Raising the level of your leadership




Time For The Wounded?


The Natchez Trace is a great place to walk/jog—lots of hills and beautiful scenery. I was only about 100 yards into my jog when I came across a bright red cardinal in the road. It watched me warily but did not move as I went past.

About ten yards later I realized something was wrong—the bird was stunned or hurt in some way. I paused, looked back, but then kept going. Another 50 yards and I looked back again—it was still in the middle of the road, a ready candidate to become road-kill. But, I kept going.

Every step become harder as my mind filled with images of a squashed bird and how Dottie was going to be mad at me for not helping it. Finally, at about two miles, I turned around and jogged back as fast as I could—dreading what I would find. Fortunately, it was gone. Either helped by someone else or recovered enough on its own to fly away.

Workplaces are full of wounded people. Wounded by abusive bully leaders, by gossip, by change that is leaving them behind, by personal issues that are spiraling out of control. You can see it in their faces, and you can see it in their performance.

One of the most difficult tasks for any leader is to take some time for the wounded. The leader can’t heal everyone, but it is amazing what a kind word, or cup of coffee, or a hug (appropriate hug), or a “why don’t you go home a little early today” will do to bring some relief to a wounded follower. Of course, if the leader is the one causing the wounds, only a permanent change in behavior combined with “I am so sorry” will help.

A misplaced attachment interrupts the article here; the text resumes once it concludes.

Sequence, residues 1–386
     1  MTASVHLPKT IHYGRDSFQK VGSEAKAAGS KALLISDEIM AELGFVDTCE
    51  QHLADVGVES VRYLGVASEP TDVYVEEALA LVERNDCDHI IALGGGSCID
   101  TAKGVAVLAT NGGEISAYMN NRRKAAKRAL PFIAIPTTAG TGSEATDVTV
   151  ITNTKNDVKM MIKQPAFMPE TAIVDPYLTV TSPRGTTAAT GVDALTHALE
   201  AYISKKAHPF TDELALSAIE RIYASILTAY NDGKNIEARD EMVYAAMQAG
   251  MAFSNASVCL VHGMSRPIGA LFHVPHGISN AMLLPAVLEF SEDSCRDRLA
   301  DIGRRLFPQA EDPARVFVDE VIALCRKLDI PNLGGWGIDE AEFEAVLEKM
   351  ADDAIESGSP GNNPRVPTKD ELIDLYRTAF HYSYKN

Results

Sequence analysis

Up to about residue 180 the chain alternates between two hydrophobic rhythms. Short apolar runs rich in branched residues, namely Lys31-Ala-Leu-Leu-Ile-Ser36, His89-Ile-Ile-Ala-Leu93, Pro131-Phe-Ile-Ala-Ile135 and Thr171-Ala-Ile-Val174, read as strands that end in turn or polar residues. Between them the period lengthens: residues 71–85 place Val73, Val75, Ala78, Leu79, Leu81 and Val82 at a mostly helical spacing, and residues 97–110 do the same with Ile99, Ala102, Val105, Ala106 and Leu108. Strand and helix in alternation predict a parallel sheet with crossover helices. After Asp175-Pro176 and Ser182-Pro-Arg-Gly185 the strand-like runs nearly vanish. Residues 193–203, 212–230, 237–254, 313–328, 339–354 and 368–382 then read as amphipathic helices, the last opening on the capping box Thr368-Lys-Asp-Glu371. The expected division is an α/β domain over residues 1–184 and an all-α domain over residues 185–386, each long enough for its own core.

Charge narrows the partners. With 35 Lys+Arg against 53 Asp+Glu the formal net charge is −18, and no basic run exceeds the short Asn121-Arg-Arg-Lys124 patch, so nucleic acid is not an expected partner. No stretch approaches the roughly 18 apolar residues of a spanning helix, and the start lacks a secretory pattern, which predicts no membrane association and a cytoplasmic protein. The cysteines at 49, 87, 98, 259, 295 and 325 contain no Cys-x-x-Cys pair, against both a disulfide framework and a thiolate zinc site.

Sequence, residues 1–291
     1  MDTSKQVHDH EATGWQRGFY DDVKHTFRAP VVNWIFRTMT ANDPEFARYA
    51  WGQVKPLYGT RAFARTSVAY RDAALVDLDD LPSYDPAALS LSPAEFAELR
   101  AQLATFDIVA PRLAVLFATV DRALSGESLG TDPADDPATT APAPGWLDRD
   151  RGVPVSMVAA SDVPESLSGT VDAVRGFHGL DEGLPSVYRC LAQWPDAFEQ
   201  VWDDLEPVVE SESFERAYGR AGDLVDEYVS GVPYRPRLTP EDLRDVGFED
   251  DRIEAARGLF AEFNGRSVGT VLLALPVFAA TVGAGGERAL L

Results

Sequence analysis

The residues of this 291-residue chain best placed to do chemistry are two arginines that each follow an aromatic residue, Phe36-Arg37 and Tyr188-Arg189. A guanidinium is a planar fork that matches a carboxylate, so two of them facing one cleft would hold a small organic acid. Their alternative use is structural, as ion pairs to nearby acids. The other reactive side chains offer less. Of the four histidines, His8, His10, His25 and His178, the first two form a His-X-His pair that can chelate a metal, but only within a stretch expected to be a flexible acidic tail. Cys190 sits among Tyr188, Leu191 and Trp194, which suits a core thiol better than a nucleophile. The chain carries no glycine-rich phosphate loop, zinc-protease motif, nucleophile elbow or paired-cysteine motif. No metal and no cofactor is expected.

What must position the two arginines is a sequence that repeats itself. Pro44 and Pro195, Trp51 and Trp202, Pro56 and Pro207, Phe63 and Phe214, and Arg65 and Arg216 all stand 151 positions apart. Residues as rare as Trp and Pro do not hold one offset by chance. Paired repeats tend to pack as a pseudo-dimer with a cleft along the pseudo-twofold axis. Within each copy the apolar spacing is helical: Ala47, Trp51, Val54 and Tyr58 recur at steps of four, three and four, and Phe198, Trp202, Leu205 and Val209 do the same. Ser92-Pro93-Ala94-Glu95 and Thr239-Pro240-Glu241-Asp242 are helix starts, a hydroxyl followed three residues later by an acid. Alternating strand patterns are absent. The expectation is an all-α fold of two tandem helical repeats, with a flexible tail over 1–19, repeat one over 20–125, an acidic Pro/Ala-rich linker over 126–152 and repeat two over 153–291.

Look around at your followers today. Do you see someone that could use some encouragement and comfort? Do something. And don’t let anyone tell you that it isn’t your job—it is!

By the way, I did better this morning. I was back on the Natchez Trace and there was a turtle…. (I’m getting ahead of myself; more about turtles in my next post.)

3 responses to “Time For The Wounded?”

  1. Laura says:

    As Dick’s former assistant I saw this leadership principle in action many times during the 5+ years I worked for him. His heart for people and willingness to get involved (even in the messy places) is something he is highly respected for . Watching his example not only taught and encouraged me, but challenged me to engage differently with the people around me. We have opportunities around us every day to engage with people and make a difference.

    P.S. If you have the opportunity to schedule or attend one of Dick’s workshops – do it! It will be well worth your time and investment!

    • Dick Wells says:

      Thanks, Laura. You were sensitive to people’s wounds long before you came to work for me. I loved the way you were a sounding board for so many. I was privileged to have you as my team mate.

  2. Scott Layden says:

    Dick–

    Wonderful reminder. Sometimes, we get so busy as leaders and driven for goals that we don’t take time for the “stunned Cardinals.”

    I recommit to doing this.
    All business is personal.

    Scott

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